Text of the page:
Equinox’s ‘Skinny Fat’ Awareness Ad Wants to Control Your Mind

Thanks to a helpful tipster, we get a chance to deal with this charming ad tonight. You can always rely on a very expensive palaestra such as Equinox to ignite whatever tinderbox of social insecurities or paralyzing hypochondria you've managed to suppress just long enough to feign confidence while you're surrounded by people grunting, gyrating, running, and performing the ant-like task of moving weighted steel from one place to another. "Skinny fat" crassly refers the physiological phenomenon by which a woman (since the poster clearly isn't targeting men) has large amounts of visceral fat, which, unlike subcutaneous fat that she might grab with her hand, i.e. fat that's visible and palpable, is buried deep within the abdominal cavity where it pads the empty spaces between her organs. Visceral fat, moreover, is thought to pose increased health risks such as type 2 diabetes, cardiovascular diseases, and increased risk for future gallbladder surgery because of its proximity to vital organs.

That's what the phrase "skinny fat" refers to, but this ad refers to something very different. The model — undistinguished except for her gauntness and carnival-mask of bangs — hides her limbs behind a giant red circle. She seems ashamed, hardly displaying the self-confidence advertisers have strained to associate with such lithe people. A woman that thin? Isn't she supposed to be merrily spooning yogurt into her mouth or eating a crisp salad? The phrase "skinny fat" undermines all of a viewer's expectations for what it means in the advertising world's hall of mirrors to be so skinny and throws that person, who's so far bought into the warped physical ideals propagated by fashion, fitness, and celebrity magazines, suddenly off balance. "Skinny fat," as a phrase plastered over a thin model, only pays lip service to good health because its real aim is to make anyone who happens to spot it feel self-conscious enough to renew a gym membership or pay for personal training sessions.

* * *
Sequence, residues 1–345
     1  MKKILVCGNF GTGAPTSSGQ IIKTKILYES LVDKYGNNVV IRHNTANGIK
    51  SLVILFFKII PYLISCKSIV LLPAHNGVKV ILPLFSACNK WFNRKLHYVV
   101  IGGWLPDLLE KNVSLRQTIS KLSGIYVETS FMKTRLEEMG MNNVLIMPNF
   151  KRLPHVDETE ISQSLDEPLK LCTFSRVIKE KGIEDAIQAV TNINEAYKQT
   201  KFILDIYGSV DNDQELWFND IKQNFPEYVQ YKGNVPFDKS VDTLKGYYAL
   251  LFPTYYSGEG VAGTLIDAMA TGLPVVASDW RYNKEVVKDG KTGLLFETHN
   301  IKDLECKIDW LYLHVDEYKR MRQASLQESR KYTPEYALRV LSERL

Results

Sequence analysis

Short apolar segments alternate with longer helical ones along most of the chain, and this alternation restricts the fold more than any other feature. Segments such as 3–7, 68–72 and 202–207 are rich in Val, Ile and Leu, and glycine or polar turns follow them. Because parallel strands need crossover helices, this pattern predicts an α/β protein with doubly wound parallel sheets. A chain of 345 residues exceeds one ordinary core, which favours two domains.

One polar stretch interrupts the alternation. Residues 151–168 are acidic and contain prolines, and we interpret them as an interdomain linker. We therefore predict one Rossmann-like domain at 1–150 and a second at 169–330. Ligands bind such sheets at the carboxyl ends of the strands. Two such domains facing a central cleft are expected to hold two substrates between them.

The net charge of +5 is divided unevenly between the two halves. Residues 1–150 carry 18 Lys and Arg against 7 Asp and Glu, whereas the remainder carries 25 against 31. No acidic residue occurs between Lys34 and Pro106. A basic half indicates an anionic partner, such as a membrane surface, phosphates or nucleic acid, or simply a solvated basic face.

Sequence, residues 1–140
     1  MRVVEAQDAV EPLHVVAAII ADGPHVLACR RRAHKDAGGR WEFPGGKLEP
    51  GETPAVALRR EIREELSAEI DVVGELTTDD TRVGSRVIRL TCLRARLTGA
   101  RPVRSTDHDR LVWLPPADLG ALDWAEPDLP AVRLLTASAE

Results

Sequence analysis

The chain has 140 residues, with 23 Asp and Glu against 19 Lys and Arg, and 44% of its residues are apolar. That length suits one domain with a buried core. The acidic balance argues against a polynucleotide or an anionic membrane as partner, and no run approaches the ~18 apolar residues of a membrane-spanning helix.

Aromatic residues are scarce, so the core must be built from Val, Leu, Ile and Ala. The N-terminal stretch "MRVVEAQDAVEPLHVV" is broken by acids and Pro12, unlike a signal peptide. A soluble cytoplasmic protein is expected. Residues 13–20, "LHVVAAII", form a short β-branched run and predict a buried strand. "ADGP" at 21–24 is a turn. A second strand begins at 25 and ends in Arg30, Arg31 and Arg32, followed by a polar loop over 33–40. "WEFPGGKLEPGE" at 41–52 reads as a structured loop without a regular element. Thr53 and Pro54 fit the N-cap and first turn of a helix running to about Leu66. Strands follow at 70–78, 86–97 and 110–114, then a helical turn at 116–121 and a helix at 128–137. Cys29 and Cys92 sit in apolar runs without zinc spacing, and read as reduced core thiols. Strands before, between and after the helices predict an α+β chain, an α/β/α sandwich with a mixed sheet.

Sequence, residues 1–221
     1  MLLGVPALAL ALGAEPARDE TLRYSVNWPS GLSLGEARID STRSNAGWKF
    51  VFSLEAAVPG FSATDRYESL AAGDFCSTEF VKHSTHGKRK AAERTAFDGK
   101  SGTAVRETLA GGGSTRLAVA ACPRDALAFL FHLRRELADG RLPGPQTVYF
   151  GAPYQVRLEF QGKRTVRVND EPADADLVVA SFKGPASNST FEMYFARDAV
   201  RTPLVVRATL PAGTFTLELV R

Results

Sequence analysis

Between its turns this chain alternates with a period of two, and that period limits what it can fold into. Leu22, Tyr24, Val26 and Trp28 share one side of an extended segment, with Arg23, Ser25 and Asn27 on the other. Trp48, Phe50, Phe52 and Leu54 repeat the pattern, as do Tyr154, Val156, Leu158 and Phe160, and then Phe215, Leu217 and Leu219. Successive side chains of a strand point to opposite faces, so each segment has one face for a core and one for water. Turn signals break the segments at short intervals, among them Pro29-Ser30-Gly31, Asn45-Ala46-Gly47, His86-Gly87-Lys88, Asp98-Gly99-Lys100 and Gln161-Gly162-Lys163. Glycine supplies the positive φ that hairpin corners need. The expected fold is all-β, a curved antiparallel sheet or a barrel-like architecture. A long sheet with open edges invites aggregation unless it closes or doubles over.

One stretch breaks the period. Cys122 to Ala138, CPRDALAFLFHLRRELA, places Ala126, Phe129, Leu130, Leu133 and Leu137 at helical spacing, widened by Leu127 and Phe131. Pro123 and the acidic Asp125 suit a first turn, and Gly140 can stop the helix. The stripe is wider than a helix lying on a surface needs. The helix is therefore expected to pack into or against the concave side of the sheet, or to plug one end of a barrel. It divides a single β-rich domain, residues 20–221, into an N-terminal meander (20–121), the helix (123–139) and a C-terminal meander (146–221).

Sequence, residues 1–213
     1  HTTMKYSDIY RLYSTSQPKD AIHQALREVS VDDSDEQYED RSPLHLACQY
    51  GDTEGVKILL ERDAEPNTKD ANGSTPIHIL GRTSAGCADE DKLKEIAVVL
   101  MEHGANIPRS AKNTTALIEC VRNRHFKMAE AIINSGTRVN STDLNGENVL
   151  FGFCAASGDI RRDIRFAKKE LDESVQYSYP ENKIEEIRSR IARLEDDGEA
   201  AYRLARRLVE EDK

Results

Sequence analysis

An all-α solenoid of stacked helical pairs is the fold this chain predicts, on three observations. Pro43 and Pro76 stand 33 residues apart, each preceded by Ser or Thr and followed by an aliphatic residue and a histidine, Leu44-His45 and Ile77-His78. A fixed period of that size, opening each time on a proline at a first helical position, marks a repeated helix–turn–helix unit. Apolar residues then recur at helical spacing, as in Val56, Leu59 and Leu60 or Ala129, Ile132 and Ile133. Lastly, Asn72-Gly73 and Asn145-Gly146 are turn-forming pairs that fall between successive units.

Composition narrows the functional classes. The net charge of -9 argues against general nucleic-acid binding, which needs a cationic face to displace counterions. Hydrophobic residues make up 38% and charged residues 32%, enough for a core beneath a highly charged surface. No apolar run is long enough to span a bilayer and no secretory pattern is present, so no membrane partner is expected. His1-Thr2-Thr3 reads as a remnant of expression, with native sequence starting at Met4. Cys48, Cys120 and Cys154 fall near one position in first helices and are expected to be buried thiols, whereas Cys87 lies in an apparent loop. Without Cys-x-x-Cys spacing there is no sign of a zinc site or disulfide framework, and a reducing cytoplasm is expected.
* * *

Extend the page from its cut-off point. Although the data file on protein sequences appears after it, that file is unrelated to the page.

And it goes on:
While the ad does hint — feather whisper, really — at preserving actual good health, concerns about serious health risks stemming from something like an abundance of visceral fat are things for people to discuss with their doctors, not with some former Nordic bodybuilder named Fjord. But obviously, this isn't a new issue, so let's all get in a time machine back to 2007 and consider a passage from the Jezebel Manifesto:

4) THE AFFIRMATION CRAP LIE If women's magazines have done their job, if they have kept your attention and your subscriptions and you have devoted precious hours to consuming it, you are probably unlovable. You wonder whether Mischa Barton is skinny-fat, and whether you, too, might be skinny-fat (or simply fat!) You are insecure about things you probably didn't know it was possible to be insecure about. (Are you an effective cuddler? Find out in June'sCosmo, page 132!) (No, actually really! It's a real story!) You fret that your lipstick is bleeding and your fine lines are deepening and that during oral sex you might not be handling his balls correctly, and most of all, that you aren't projecting enough confidence, probably because your posture is bad. Is it any wonder that you now need affirmation that you are worth loving at all? Incessant reminders of what a goddess you really are? And that he is never going to love you if you don't love yourself. But wait, why should you love yourself? These magazines have made you boring as fuck!

Abdominal fat and what to do about it [Harvard Health Publications]